Hotel and serviced residence owner Far East Hospitality, which completed a USD$583.8 million Singapore listing last month, aims to tap Southeast Asia's booming tourism demand and grow its portfolio value by 50 percent over the next two years, its chief executive said.
Far East Hospitality expects to acquire a hotel and two serviced residences -- Orchard Parksuites and Orchard Scotts Residences -- from its sponsor Far East Organisation within the next 24 months, increasing its portfolio by more than SGD$1 billion (USD$813.5 million) from SGD$2.1 billion currently, CEO Gerald Lee said.
The trust, which owns 11 Singapore properties, raised SGD$717.6 million (USD$583.8 million) last month in its initial public offering that was the largest in the city-state this year and attracted strong interest from investors due to its yields and exposure to Singapore's tourism industry.
"We're seeing countries like Indonesia and the Philippines opening up and seeing healthy economic growth... that will help to drive business travel," Lee said in an interview.
Singapore real estate investment trusts have risen 27.5 percent this year, driven by demand for stable yields and income in a broader market that saw the Straits Times Index gain 14.4 percent.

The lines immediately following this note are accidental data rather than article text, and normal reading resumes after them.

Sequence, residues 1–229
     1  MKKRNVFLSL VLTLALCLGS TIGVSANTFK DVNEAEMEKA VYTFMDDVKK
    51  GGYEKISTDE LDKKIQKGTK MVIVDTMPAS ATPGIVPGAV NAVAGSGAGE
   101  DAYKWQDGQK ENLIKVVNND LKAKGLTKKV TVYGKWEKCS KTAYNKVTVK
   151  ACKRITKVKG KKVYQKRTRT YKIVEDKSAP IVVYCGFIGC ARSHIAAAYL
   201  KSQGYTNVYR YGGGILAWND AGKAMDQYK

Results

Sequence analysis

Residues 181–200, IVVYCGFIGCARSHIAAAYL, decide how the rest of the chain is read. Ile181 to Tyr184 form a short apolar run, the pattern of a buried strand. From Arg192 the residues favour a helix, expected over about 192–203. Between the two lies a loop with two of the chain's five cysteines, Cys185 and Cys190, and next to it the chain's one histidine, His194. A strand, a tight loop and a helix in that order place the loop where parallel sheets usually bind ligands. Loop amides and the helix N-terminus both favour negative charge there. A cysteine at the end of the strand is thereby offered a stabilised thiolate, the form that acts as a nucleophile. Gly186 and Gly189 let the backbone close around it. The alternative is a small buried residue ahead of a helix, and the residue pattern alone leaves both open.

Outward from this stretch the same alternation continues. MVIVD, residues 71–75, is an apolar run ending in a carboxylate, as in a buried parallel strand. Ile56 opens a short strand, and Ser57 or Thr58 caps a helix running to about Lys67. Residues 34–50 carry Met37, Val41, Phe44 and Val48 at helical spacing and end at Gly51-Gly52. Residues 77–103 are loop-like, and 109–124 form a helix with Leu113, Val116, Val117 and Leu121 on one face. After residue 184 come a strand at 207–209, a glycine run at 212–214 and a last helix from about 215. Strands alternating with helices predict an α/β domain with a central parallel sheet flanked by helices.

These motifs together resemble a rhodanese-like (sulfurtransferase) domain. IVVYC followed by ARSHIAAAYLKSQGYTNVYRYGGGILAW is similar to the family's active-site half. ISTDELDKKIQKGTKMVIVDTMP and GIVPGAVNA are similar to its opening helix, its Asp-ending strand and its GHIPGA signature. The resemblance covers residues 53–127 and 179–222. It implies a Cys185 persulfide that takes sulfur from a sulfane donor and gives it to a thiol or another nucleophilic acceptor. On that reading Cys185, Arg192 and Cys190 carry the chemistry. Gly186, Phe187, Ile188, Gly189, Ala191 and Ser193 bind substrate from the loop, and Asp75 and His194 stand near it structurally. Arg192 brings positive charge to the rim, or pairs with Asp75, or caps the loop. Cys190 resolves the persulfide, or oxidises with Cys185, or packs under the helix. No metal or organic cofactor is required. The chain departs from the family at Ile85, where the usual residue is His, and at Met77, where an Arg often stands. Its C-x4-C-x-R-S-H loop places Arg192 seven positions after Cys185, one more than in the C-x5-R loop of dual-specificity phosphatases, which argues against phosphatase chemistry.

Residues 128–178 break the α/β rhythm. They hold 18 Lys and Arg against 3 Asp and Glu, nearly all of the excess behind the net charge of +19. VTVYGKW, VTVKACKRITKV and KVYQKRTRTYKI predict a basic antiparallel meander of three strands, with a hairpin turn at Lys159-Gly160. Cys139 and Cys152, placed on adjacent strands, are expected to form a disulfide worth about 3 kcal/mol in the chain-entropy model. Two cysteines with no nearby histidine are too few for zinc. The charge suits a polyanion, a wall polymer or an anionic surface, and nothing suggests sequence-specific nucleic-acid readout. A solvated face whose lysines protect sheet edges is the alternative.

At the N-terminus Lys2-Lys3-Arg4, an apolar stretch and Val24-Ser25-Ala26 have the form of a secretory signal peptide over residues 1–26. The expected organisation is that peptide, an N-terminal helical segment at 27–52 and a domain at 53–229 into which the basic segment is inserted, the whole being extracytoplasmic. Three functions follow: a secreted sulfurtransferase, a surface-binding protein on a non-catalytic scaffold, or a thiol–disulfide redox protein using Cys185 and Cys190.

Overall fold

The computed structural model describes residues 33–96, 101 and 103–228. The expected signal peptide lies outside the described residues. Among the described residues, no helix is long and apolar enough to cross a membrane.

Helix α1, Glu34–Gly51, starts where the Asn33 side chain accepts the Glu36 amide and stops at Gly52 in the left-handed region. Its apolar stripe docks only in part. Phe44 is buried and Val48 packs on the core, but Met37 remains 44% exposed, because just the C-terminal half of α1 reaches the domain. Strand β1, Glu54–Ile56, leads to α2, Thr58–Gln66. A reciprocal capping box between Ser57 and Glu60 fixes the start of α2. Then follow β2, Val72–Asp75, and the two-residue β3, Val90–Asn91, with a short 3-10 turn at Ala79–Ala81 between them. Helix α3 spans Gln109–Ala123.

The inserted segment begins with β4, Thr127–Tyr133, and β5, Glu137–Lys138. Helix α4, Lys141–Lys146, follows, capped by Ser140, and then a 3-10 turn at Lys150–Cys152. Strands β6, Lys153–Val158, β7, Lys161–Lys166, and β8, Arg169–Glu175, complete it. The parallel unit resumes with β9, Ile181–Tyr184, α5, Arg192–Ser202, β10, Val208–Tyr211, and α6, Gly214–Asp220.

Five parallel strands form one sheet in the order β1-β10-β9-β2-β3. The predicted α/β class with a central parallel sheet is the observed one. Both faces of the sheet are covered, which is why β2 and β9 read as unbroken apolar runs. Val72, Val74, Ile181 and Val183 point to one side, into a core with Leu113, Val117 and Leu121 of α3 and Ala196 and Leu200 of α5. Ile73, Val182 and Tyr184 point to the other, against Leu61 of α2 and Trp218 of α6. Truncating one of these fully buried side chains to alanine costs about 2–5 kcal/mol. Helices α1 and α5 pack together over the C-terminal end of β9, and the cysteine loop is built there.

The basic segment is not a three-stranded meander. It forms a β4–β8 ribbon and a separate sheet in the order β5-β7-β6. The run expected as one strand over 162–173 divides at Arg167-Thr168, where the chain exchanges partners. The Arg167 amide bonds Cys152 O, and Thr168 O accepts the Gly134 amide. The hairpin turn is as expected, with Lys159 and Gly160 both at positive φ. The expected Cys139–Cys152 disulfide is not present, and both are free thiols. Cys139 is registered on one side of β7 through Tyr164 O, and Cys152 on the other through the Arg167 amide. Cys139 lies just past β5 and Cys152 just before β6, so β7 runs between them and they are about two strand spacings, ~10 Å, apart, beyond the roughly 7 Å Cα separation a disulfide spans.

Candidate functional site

Besides buying assets from its sponsor, Far East Hospitality is also in discussions to acquire properties from third parties, Lee said, but declined to name them.
Rising income levels in emerging Southeast Asian countries and the growth of budget carriers will also help to boost leisure travel, benefiting Far East Hospitality, as the region accounts for the bulk of its customers, he added.
Although Singapore's manufacturing and financial sectors may be slowing, the mood in tourism-related sectors remains buoyant as the city-state benefits from strong economic growth in the region and the opening of new attractions such as Gardens by the Bay.
Demand from the rising number of visitors to Singapore, estimated by the tourism board to hit 17 million by 2015, is expected to outstrip growth in supply of hotel rooms, Lee said.